Mexico's Sheinbaum to prioritize public internet access, adviser says

FILE PHOTO: Sheinbaum wins Mexico's presidential election

By Cassandra Garrison

MEXICO CITY (Reuters) -Mexican President-elect Claudia Sheinbaum is set to prioritize public internet access after taking office, an adviser said on Wednesday.

Jose Merino, an adviser to Sheinbaum on digital strategy, told a telecoms conference in Mexico City that the state must reach areas of the country that private telecoms companies do not cover, underscoring her intention to continue outgoing President Andres Manual Lopez Obrador's unfinished project to bring internet to all Mexicans.

Sheinbaum won last Sunday's election by securing over half of the vote, according to preliminary results, and is set to take office on Oct. 1.

Merino said a sustainable national telecoms policy could be rolled out to address how frequency bands are auctioned and Mexico's lagging connectivity in the medium to long term as part of the new government's agenda.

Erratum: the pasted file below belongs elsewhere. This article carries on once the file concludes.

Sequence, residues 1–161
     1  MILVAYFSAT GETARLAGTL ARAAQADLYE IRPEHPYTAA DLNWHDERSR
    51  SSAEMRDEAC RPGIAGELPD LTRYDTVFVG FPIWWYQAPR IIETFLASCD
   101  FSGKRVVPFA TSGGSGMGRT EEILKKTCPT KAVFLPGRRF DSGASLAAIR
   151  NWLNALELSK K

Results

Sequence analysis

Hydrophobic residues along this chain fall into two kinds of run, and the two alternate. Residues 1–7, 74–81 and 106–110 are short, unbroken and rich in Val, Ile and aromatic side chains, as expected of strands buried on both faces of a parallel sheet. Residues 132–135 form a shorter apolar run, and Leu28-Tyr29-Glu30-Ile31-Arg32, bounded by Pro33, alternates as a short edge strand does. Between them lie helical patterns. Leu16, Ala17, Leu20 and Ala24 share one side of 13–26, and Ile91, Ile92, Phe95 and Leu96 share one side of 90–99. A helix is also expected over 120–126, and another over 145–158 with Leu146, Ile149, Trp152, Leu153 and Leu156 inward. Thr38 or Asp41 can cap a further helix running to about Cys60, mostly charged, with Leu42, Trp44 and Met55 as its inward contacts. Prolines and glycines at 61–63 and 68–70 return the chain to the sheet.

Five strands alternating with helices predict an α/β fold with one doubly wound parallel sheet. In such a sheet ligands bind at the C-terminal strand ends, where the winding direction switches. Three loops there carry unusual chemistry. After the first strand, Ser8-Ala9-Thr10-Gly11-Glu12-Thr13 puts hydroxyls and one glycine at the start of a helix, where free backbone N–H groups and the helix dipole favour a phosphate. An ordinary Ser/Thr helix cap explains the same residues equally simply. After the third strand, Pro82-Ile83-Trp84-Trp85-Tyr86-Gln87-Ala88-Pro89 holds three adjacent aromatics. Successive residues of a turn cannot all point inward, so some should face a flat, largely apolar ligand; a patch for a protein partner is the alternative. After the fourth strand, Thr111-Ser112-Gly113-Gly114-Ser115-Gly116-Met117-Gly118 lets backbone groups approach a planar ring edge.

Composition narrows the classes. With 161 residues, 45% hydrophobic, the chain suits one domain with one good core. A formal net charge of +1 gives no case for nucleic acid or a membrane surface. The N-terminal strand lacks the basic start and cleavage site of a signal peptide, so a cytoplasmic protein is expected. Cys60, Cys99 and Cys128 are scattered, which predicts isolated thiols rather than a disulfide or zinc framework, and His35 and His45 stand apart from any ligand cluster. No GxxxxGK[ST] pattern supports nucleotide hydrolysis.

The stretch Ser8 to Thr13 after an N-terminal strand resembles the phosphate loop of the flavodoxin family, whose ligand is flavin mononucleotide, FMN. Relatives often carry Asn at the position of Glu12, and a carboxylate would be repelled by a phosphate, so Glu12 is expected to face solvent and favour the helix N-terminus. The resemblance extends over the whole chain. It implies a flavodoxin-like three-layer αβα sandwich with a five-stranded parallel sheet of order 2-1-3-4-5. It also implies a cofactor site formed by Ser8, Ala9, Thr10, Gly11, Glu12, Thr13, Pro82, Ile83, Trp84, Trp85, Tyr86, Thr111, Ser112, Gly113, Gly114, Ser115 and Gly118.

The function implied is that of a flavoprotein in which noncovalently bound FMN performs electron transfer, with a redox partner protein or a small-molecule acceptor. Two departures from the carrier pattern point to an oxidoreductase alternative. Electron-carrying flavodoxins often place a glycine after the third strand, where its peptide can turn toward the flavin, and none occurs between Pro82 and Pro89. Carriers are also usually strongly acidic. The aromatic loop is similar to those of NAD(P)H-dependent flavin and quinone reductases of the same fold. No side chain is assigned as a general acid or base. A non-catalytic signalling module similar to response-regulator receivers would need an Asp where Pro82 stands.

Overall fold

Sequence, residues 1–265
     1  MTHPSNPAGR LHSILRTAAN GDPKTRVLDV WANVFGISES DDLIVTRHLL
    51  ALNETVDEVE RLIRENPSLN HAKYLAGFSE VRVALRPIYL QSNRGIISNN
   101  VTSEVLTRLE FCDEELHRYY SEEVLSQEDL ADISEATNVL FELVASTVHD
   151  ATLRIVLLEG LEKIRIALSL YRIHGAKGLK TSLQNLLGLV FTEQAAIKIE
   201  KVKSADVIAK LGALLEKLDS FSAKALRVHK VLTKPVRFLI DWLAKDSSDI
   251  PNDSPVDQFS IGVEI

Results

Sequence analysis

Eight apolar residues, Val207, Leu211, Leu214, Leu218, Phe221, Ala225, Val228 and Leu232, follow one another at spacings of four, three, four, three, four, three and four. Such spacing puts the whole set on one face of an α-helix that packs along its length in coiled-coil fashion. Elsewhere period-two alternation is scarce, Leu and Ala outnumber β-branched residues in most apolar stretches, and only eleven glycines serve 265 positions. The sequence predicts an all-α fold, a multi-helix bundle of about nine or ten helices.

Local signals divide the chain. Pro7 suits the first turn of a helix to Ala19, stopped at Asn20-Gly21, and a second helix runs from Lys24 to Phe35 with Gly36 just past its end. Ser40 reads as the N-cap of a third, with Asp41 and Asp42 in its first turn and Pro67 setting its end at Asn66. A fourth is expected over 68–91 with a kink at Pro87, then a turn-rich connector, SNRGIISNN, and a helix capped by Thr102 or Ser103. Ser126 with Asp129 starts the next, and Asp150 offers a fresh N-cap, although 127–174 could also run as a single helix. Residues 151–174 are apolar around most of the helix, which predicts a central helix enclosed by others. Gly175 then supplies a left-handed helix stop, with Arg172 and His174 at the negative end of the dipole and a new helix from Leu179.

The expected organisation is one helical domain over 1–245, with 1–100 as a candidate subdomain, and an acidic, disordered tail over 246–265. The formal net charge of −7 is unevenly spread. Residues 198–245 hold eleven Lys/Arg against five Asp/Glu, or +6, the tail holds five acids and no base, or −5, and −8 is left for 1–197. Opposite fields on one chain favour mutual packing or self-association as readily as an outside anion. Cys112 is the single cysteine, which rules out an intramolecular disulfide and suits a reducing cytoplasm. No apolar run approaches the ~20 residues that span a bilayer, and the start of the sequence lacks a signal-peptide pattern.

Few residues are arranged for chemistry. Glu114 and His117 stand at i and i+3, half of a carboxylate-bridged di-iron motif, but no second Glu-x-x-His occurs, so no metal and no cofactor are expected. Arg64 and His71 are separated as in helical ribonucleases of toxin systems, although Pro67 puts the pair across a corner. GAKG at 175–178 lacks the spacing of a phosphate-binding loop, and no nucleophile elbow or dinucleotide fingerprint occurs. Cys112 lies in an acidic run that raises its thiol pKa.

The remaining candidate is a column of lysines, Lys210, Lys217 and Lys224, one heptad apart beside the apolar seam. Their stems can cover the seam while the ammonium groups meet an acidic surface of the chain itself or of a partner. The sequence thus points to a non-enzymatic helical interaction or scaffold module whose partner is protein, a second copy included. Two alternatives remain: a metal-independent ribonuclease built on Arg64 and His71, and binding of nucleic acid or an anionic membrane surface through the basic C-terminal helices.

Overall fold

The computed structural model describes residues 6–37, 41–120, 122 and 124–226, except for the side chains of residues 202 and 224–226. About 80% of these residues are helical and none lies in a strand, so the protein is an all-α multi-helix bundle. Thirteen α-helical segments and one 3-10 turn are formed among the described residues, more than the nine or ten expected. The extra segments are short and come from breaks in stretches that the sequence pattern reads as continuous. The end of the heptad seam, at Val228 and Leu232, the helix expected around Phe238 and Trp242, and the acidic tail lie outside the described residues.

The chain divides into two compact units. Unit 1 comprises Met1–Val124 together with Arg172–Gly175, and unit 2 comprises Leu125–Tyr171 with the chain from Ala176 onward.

"Denying access for any reason to a person's data and connectivity is denying them the ability to exercise a multitude of rights," Merino said.

Mexico's telecoms regulator, the IFT, was one of the institutions that Lopez Obrador had proposed eliminating through constitutional reform.

Sheinbaum has said she plans to continue Lopez Obrador's initiatives. Industry watchers, however, are waiting to see if she will push forward with eliminating the IFT, and how she will manage regulation of the sector, which includes major companies like America Movil and Televisa.

"Making (the IFT) disappear is not seen as the best idea because we come from a time when it did not exist and we already know what a (government) secretariat is like, changing people all the time and then there is no accumulated knowledge," Gabriel Szekely, chief executive of Mexico's National Telecommunications Association (Anatel), told Reuters after Merino spoke.

(Reporting by Cassandra Garrison; Editing by Valentine Hilaire and Deepa Babington)